'Beauty Vlogging: Practices, Labours, Inequality'

PhD Thesis

Bishop, Sophie 2018. 'Beauty Vlogging: Practices, Labours, Inequality'. PhD Thesis University of East London School of Arts and Digital Industries https://doi.org/10.15123/PUB.7915
AuthorsBishop, Sophie
TypePhD Thesis

This thesis investigates the practices and labours of beauty vloggers (video bloggers) and the
inequality sustained by these labours and practices. Beauty vloggers regularly produce
videos on themes including hair, beauty, fashion and relationships for their own stable, selfcontained,
branded YouTube channels. The literature on beauty vlogging has examined the
presentations of individual vloggers. In this thesis, I problematise the conception of beauty
vlogging as a solo endeavour, situating beauty vloggers in a wider vlogging industry, in the
specific geographic context of the UK. Through the lens of feminist political economy, I ask
how the organisational (macro) structures, in addition to (micro) frictional interactions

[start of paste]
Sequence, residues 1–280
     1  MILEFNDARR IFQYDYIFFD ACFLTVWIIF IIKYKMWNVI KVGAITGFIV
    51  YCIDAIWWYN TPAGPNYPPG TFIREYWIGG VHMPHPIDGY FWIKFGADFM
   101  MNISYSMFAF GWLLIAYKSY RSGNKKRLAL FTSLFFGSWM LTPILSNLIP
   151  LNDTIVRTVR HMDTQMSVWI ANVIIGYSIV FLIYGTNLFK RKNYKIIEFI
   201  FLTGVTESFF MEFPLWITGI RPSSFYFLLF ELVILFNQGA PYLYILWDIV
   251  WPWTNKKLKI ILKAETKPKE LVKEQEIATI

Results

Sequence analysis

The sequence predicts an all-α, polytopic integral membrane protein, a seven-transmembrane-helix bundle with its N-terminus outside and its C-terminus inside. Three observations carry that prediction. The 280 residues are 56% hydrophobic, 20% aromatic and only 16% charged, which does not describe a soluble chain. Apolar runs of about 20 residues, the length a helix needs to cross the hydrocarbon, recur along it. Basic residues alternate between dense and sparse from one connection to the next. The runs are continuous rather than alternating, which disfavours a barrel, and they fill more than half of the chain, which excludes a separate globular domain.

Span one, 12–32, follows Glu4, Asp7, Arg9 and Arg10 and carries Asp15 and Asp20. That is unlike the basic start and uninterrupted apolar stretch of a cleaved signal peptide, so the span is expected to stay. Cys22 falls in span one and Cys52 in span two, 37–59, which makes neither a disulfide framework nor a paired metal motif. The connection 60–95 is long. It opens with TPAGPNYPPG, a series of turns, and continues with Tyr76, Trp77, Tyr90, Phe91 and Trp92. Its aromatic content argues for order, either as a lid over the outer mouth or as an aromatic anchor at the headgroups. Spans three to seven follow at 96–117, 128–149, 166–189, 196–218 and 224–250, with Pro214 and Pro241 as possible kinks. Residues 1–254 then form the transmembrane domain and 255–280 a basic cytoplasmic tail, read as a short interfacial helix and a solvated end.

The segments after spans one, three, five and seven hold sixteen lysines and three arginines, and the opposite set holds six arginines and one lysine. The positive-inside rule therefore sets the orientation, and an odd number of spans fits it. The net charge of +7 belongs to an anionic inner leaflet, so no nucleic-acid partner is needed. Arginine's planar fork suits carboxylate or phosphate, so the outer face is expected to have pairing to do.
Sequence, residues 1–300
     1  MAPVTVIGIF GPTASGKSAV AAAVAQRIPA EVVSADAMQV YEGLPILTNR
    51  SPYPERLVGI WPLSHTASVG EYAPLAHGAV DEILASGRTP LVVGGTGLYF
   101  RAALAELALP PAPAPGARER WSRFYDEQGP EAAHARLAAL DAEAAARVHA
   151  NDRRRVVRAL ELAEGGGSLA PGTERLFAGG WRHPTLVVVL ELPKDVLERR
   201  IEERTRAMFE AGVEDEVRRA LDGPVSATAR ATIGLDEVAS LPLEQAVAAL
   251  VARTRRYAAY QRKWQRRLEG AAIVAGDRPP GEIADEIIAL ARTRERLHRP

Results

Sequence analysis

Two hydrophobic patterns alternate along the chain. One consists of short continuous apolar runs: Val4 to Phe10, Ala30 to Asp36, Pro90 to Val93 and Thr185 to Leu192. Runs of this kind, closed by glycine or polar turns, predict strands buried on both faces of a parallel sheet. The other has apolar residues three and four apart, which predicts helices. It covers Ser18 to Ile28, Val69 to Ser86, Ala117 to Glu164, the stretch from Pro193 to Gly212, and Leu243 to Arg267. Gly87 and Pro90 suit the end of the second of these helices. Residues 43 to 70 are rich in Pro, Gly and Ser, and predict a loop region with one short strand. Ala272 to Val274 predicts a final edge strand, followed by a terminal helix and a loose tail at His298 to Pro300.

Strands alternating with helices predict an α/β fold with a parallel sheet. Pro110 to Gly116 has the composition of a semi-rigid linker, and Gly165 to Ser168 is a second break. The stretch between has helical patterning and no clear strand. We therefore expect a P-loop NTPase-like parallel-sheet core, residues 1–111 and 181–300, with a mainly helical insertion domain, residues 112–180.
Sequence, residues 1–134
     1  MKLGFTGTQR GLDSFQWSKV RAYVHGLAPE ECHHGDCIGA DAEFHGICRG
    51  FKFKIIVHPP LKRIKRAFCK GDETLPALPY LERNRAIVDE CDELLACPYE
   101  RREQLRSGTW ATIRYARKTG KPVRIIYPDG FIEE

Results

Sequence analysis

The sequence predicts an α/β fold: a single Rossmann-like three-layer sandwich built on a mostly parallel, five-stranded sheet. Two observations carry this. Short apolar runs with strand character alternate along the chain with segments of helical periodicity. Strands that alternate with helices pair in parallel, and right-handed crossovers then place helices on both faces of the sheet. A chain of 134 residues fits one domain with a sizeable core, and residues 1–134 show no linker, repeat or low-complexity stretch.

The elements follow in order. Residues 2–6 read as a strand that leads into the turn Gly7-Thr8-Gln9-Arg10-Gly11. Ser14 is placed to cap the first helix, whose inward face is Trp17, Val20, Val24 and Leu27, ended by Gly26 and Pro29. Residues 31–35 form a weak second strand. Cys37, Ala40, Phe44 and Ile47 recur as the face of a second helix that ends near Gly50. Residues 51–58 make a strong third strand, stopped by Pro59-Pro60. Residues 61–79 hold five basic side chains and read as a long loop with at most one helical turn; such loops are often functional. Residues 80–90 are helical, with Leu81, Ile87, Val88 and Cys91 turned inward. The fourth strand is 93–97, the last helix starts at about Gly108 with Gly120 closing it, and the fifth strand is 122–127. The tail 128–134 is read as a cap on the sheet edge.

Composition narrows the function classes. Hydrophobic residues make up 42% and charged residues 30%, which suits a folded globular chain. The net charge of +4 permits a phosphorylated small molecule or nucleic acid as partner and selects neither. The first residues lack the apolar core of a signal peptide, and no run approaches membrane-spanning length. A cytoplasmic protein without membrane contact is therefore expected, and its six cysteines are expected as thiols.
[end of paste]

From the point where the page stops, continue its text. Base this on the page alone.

between industry stakeholders co-produce beauty vloggers’ symbolic content.
Analysis is informed by a wider three-year ethnographic study of British ‘A List’ vloggers on
YouTube, conducted between 2015-2018, drawing from the “messy web” of research sites
(Postill & Pink, 2012: 125). Ethnography thus encompasses digital, and offline elements, that
make up the complexity and embodied nature of long term analysis of spaces contingent to
platforms. I also conducted semi-structured interviews with beauty vloggers and
Through ‘zooming out’ from analysis of the independent beauty vlogger this thesis considers
how YouTube’s multisided markets, algorithms and their interpretations, the subjective
decisions of talent management organisations, relationships with advertisers, authenticity
discourses and alignment with existing creative industries and intermediaries all shaped the
content that becomes visible on YouTube.
Very few women are able to create a sustainable career through YouTube production,
although YouTube is increasingly promoted as a pathway to creative employment. In this
thesis I counter YouTube’s self-definition as an ‘open platform’. I argue that organisational
structures and interactions between stakeholders assign visibility and reify existing lines of
societal inequalities, in addition to rewarding the production of commercial and feminised
content in the vlogging industry.

Digital Object Identifier (DOI)https://doi.org/10.15123/PUB.7915
Publication dates
PrintSep 2018
Publication process dates
Deposited06 Feb 2019
Publisher's version
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